Previous Ethics Investigations Cause FEMA Nominee to Withdraw

Twelve years ago, Hurricane Katrina slammed into the Gulf States, devastating New Orleans and other portions of Louisiana, as well as Mississippi, Alabama, and Florida. While there were many mistakes and fingers pointed during the planning, rescue, and reconstruction operations, one issue that caused concerns was the sole source award of four half-billion-dollar assistance contracts for “critically needed services such as setting up Disaster Recovery Centers, the hauling and installing of temporary housing and other logistical and facilities management needs[.]” Those contracts have been the subject of numerous reports of wasteful spending.

Former Federal Emergency Management Agency (FEMA) official Daniel “Dan” Craig, who headed up some of that temporary housing work, was nominated by President Trump to be the FEMA Deputy Administrator in July. However, according to NBC News, and confirmed by POGO, Craig withdrew his nomination yesterday.

The Project On Government Oversight has been working on Craig’s involvement at FEMA for 11 years. Yesterday’s news that Craig withdrew his nomination does not come as a surprise, as he was likely facing many hurdles during his Senate confirmation hearing.

His 2005 self-reported potential ethics violation to the Department of Homeland Security (DHS) Inspector General (IG) is one factor that might have contributed to Craig’s decision to step aside. Craig’s report involved his post-FEMA employment negotiations with companies that received lucrative non-competed contracts days after Hurricane Katrina hit Louisiana.

These negotiations occurred in mid-2005 when Craig served as the Director of FEMA’s Recovery Division. He resigned his FEMA post soon after Hurricanes Dennis, Katrina, and Rita.

As part of an investigation into those FEMA housing contracts, POGO submitted a Freedom of Information Act (FOIA) request to DHS in August 2006 (and a subsequent FOIA appeal in 2016) for any communications between Craig and the four companies that each received a $500 million non-competitive contract: Shaw Group, Fluor Corp., Bechtel National Inc., and CH2MHill—all of which were companies where Craig had reportedly sought employment.

Finally, after 11 years, the DHS IG supplied the previously nonpublic report from 2007 to POGO. That report and its exhibits highlight Craig’s employment negotiations with two of the four sole source FEMA housing contractors—Fluor and the Shaw Group—the latter of which was a client of Craig’s post-FEMA employer.

See the interactive timeline:

Although the IG report released to POGO concludes “that Craig had no involvement with the Shaw Group emergency contract,” the details, timeline, and some of the evidence gathered by the IG are quite concerning to POGO. What is missing from that report also raises concerns.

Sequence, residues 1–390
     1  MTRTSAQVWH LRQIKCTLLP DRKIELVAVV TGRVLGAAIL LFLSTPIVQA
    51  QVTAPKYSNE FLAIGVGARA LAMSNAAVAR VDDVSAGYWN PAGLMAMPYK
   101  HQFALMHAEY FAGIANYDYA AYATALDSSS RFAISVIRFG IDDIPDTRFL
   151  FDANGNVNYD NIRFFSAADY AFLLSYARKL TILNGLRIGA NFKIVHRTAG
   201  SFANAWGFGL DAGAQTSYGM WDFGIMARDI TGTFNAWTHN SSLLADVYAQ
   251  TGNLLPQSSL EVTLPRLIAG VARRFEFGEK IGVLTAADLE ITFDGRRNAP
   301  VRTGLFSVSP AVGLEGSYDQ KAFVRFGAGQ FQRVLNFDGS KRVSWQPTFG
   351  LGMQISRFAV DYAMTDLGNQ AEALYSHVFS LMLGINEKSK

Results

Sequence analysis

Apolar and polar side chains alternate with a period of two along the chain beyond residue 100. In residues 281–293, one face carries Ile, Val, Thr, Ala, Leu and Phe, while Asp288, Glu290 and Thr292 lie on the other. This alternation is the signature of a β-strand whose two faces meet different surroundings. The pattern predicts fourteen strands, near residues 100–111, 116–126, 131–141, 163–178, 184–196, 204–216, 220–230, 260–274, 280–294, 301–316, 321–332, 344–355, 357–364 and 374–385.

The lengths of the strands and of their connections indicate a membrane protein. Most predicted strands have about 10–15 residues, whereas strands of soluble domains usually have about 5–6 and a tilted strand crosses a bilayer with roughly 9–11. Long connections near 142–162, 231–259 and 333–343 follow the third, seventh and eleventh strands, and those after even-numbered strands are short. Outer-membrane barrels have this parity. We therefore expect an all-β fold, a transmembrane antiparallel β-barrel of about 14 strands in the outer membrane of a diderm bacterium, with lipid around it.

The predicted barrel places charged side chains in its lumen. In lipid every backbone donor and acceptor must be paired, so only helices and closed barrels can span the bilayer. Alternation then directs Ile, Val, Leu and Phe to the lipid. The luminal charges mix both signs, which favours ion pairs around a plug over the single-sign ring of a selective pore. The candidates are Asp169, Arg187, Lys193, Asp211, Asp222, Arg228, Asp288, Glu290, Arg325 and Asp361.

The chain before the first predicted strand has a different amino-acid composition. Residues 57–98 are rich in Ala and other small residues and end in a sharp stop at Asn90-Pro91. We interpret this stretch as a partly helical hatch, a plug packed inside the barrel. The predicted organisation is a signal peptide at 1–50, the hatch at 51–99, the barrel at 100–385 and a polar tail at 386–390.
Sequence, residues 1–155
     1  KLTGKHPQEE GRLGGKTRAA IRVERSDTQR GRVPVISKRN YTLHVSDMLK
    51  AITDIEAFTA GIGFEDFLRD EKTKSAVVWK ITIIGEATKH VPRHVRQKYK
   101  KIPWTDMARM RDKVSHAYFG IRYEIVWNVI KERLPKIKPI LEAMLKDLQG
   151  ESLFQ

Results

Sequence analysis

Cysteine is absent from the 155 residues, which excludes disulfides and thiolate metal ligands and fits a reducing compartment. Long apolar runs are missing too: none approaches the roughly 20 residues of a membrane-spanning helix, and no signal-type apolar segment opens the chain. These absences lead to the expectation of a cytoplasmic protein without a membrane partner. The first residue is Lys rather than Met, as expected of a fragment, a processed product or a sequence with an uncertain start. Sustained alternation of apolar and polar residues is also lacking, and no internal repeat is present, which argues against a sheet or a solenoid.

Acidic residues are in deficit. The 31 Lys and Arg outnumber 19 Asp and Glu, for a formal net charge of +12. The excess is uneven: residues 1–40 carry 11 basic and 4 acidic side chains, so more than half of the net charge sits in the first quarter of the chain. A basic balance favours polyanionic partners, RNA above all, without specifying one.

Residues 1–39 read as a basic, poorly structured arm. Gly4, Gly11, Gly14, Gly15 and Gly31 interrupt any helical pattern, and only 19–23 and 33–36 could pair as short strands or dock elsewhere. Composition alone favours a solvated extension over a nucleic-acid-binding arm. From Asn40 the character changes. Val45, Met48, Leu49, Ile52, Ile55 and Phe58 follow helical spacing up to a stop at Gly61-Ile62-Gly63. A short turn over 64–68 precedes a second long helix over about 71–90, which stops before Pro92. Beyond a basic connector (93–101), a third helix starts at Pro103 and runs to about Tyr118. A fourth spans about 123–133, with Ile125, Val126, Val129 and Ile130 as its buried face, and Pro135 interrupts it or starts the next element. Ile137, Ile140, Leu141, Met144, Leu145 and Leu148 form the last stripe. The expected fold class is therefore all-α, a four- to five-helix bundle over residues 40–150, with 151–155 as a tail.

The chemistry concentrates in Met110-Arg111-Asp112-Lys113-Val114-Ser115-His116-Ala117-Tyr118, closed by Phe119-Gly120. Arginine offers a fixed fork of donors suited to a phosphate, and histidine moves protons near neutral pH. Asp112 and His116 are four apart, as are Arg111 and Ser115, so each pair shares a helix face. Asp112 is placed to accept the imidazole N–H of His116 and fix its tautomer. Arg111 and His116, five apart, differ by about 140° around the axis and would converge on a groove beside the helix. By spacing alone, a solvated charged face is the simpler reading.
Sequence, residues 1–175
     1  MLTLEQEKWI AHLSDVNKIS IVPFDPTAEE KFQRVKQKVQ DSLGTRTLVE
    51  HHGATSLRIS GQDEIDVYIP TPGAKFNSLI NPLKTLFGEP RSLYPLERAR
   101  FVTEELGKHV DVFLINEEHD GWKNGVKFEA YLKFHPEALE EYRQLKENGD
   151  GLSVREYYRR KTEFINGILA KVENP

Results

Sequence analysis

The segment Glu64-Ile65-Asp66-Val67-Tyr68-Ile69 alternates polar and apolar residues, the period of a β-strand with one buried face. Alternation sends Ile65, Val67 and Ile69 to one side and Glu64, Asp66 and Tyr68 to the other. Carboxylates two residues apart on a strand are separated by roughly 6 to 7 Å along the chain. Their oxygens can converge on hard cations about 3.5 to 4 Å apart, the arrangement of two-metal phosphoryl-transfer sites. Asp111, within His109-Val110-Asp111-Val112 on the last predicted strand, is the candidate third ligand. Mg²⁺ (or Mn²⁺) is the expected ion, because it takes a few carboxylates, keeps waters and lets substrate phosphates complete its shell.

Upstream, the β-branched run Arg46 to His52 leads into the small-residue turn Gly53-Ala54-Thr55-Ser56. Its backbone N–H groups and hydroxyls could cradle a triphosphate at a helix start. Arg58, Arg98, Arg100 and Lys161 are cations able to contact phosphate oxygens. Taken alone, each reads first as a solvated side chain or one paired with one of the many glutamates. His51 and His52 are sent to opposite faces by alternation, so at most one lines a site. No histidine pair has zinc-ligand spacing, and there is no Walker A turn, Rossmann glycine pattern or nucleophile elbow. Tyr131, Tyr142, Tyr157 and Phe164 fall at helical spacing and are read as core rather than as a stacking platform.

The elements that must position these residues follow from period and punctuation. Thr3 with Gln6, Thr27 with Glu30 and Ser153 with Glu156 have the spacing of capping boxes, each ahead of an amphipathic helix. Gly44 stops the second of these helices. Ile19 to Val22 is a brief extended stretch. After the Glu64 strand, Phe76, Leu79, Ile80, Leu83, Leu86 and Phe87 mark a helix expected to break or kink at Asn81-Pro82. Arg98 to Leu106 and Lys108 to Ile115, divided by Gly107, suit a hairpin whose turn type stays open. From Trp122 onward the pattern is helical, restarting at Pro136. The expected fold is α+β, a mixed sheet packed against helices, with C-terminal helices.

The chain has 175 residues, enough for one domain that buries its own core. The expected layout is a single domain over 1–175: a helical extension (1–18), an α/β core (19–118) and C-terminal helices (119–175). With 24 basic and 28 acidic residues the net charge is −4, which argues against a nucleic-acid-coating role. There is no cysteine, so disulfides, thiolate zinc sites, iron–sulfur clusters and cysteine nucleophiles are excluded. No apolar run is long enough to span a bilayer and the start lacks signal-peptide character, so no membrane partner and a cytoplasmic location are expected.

First, the investigation seems to have been wrapped up without talking to Craig’s staff who were heading up the contract awards to Shaw and Fluor. In fact, the IG’s report focused on a seemingly small amount of evidence, and didn’t take sworn statements from Craig’s staff to determine if he had any involvement in the Shaw or Fluor housing contracts.

Second, the IG seemed to ignore Craig’s own admission that, as early as June 2005, he “decided to leave FEMA for personal reasons and met with two companies to discuss post-FEMA employment.” One was Shaw, which was on FEMA’s shortlist of temporary housing contractors potentially as early as July, approximately the time Craig’s discussions with Shaw began. The other company was Fluor, which had been a FEMA contractor since at least 2003 and had received a non-competed FEMA contract “to assist FEMA in the [Hurricane Dennis] disaster relief effort” in July 2005. Craig’s own sworn statement further details that during his employment negotiations with Shaw and Fluor, which included meetings with senior company executives, his division participated in the non-competitive contract award to Fluor and that “(since July) FEMA Recovery Division was doing market research and creating a scope of work for national Individual Assistance contracts to be competed.”

As for Shaw, Craig didn’t seem worried about any conflicts even though his division was creating a shortlist of emergency housing contractors. Craig stated that as of mid-July 2005 Shaw “had no business or contracts with FEMA.” Although that was the case at that time, such a statement did not reflect the fact that Shaw was on his office’s list for temporary emergency housing contracts, which would have triggered Craig’s disqualification if he was interviewing with the company.

Craig was equally not concerned about the existing Fluor contract, stating that the company was “chosen” by a procurement officer and at the time he “ended [his] talks in earnest with Fluor.” His involvement with Fluor, both personally and professionally, should have raised questions by the IG. Instead, the IG seemed to ignore Craig’s involvement with Fluor altogether.